« ZurückWeiter »
it appeared to enable her to draw a military pension, he had written a letter acknowledging her to be his wife, which was deposited with his law-agent. As in other contracts, that a party was intoxicated at the time of giving consent, and repudiates it on restoration to sobriety, is a ground for nullifying a marriage. An intelligent consent, in the full knowledge of what is undertaken, is so essential to the constitution of marriage in Scotland, that it is held that even a marriage celebrated with the usual ecclesiastical solemnities may be null, if its absence be distinctly shown. In one remarkable case, a certificate of proclamation of banns had been obtained by the alleged husband, though no proclamation had taken place. The parties went with it before a clergyman, who was subsequently banished for celebrating clandestine marriages, and the marriage ceremony was performed. It was denied on the woman's part, and was not proved on the man's, that there had been connexion. She said she had been concussed into the proceeding, but this was not proved, and she was twenty-six years of age. She went to live with her father. All the parties were of dissolute habits, and much rude familiarity was attested, out of which the man attempted to prove, but without success, that they had sometimes lived as husband and wife. She was afterwards regularly married to a young man, who had paid his addresses to her, and this marriage was acknowledged by the general conduct of the friends of the parties, and particularly by the person with whom the previous ceremony had taken place. It was not until she had succeeded to some property that this party claimed to be her husband. The House of Lords found, on the ground that the whole conduct of the parties showed that there was no deliberate intention to be married, that the earlier ceremony made no marriage.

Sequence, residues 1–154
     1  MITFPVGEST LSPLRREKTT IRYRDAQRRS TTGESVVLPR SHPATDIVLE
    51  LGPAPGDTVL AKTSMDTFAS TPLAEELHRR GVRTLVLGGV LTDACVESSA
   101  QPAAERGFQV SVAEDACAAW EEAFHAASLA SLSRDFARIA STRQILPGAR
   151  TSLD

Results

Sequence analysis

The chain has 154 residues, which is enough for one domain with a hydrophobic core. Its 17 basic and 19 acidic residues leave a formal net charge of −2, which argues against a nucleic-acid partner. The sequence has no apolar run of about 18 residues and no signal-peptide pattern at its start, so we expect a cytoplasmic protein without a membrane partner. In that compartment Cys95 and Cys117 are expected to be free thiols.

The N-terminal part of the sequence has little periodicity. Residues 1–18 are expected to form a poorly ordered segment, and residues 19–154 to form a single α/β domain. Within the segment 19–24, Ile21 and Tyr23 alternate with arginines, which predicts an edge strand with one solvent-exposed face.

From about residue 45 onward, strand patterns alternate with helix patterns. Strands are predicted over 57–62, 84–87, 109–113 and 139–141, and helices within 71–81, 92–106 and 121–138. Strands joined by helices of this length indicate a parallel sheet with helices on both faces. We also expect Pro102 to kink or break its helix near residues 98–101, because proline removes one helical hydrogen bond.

A very loose method of constituting marriage in Scotland is by inferring it “ from cohabitation, or the parties living together at bed and board, joined to their being habite, or held and reputed man and wife." 5 The cohabitation must be in Scotland, and the repute that the parties are man and wife must be general, and not the opinion of but a few individuals. It is, perhaps, more correct to consider that such circumstances are merely evidence of the existence of a